Nodules, small lumps of tissue, can form in parts of the body including the thyroid, breasts, skin, vocal cords, joints and lungs. They typically measure from 1cm to 2cm in diameter, though some, such as pulmonary nodules, can be larger. Although some cause no symptoms at all, others nodules might cause discomfort or interfere with bodily functions. Nodules can be benign or cancerous.
Often felt or seen as a lump on the throat, thyroid nodules are normally benign and are far more common in middle-aged and elderly adults than in young adults. In most cases, thyroid nodules cause no pain or other problems, though a person with thyroid nodules should have a physician inspect them to ensure they are not cancerous and that the thyroid is functioning normally, says endocrineweb.com.
It is normal for nodules to develop in women's breasts. Breast nodules have a variety of causes, including cysts, inflammation, calcium deposits, abscesses and duct obstruction. Though usually a sign of benign breast disease, they also can be a sign of cancer. Medical tests, such as a fine needle aspiration or a biopsy, can determine if a breast nodule is benign or malignant, according to Life Extension.
A hormonal imbalance can cause a person to develop acne nodules. Unlike milder forms of acne, in which pimples develop on the skin's surface, acne nodules develop below the skin's surface. These firm and often painful lumps require help from a dermatologist, who can treat them with cortisone injections, isotretinoin, surgical draining or alpha hydroxy acid peeling, says acnetalks.com.
Other Skin Nodules
Other kinds of nodules can form on or under the skin. Many skin nodules pose no cause for concern, though some --- such as moles and birthmarks --- can be disfiguring and others such as corns can cause discomfort. However, some skin nodules require medical attention. Boils, for instance, can lead to blood poisoning, and some lumps --- especially dark moles that appear suddenly --- are signs of cancer, according to Formula Medical Group.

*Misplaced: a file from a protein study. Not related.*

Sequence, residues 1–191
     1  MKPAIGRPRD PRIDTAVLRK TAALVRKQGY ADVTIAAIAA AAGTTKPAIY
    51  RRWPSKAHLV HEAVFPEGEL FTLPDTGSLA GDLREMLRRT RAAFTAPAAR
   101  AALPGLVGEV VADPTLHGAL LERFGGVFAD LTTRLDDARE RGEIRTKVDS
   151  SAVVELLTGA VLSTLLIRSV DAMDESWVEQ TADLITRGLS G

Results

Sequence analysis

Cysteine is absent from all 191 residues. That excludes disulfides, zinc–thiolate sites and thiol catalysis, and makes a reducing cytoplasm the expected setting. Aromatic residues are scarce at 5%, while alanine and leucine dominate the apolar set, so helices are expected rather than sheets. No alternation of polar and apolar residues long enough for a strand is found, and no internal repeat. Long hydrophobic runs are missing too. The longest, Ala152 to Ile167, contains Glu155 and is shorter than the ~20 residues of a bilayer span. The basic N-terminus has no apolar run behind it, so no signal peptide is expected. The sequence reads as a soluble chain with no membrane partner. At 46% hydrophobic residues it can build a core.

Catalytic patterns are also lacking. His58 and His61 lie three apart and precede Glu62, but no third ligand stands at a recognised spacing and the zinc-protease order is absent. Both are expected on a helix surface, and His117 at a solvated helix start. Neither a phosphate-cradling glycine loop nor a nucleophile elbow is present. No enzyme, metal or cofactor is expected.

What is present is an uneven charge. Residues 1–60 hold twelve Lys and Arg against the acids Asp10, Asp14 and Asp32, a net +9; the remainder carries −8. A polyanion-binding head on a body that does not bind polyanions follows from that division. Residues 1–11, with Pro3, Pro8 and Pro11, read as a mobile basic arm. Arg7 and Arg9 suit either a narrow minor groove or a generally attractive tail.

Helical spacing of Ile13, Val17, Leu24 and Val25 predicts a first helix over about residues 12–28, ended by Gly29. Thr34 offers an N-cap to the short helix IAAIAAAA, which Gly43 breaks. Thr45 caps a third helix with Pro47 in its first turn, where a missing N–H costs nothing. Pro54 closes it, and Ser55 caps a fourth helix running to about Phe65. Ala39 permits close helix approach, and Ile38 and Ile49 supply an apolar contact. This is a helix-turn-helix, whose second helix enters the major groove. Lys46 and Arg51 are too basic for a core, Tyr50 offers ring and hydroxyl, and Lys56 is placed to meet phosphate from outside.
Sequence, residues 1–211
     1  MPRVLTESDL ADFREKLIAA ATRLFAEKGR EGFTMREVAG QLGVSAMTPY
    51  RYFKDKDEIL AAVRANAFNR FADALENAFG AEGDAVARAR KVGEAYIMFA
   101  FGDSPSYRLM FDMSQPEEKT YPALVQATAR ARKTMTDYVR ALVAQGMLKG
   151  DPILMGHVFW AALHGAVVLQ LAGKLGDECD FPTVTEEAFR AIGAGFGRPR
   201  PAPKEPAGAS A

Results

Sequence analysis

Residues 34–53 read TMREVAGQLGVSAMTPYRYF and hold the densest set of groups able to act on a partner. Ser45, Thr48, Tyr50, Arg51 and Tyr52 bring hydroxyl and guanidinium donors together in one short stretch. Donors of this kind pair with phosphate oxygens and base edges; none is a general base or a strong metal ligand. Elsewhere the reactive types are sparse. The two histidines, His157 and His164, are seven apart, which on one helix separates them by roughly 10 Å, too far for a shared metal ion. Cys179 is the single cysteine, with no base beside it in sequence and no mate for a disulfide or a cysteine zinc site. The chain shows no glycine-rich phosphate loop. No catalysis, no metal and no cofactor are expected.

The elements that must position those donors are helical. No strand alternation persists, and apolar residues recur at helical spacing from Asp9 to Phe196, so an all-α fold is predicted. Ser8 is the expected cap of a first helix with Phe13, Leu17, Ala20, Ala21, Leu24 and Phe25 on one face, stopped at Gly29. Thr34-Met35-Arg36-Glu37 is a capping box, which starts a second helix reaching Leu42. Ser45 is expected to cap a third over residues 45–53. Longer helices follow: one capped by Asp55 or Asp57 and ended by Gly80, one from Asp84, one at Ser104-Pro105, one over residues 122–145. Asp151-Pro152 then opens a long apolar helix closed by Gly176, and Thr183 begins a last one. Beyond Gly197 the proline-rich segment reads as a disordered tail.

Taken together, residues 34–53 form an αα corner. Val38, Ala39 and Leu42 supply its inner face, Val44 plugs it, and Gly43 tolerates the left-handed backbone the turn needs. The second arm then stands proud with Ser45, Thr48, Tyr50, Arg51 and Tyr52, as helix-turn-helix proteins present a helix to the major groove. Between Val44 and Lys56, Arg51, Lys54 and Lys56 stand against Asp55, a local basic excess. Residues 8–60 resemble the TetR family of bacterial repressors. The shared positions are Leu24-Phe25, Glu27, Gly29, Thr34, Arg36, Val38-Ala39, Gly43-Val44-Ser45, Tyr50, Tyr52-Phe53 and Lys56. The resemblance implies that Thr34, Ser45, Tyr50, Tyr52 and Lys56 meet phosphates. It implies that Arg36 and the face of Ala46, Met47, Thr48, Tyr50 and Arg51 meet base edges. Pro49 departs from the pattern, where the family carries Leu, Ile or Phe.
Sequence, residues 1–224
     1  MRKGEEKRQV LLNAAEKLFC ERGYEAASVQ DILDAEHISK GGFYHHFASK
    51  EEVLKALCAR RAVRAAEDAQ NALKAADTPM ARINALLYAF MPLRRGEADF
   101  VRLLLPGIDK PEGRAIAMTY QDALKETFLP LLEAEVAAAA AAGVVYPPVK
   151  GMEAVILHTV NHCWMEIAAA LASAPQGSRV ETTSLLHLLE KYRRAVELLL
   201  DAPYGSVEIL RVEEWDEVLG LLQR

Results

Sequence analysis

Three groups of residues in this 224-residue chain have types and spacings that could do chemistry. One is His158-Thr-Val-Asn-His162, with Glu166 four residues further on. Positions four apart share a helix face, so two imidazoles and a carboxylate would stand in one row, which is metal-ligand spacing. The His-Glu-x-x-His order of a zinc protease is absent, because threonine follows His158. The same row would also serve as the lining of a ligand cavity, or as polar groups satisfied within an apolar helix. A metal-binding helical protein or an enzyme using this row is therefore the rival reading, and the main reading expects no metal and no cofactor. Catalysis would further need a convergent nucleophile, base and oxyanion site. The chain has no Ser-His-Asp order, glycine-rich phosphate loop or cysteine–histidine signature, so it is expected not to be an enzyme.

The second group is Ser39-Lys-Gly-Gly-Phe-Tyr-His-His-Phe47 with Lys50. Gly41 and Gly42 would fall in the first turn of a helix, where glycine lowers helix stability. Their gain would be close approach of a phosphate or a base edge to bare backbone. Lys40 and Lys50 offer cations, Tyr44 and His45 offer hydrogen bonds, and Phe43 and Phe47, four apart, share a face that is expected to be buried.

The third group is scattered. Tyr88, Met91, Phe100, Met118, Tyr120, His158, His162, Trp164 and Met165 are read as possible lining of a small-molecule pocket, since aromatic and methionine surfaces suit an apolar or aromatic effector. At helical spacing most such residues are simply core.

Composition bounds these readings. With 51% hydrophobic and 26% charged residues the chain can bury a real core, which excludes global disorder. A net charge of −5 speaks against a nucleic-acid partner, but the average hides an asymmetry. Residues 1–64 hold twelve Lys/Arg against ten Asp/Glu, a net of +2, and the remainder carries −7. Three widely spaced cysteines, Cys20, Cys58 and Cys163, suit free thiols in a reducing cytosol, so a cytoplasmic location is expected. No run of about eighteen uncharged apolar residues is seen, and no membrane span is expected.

Vocal Cord Nodules
By preventing the vocal cords from pressing together, nodules on one or both of the cords cause a person's voice to sound hoarse or breathy. Various factors can cause vocal cord nodules, including excessive screaming or loud talking, poor breath support, allergies, chronic upper respiratory infections and hormonal imbalances. Though they can be surgically removed, voice therapy is typically necessary to prevent the nodules from returning, says the Pediatric Otolaryngology website.
Some rheumatoid arthritis sufferers develop nodules on their elbows, back, fingers, feet or other areas. These nodules usually do not require treatment. If a rheumatoid nodule does cause discomfort or interferes with a joint's range of motion, a physician can treat it with medication or surgically remove it, says Everyday Health.
Pulmonary nodules --- growths on the lungs no more than 3cm in diameter --- are often the result of tuberculosis or a fungal infection. Benign nodules typically show little if any growth and do not need to be treated. Cancerous nodules, however, grow rapidly and require surgical removal or other medical treatment, says endocrineweb.com.
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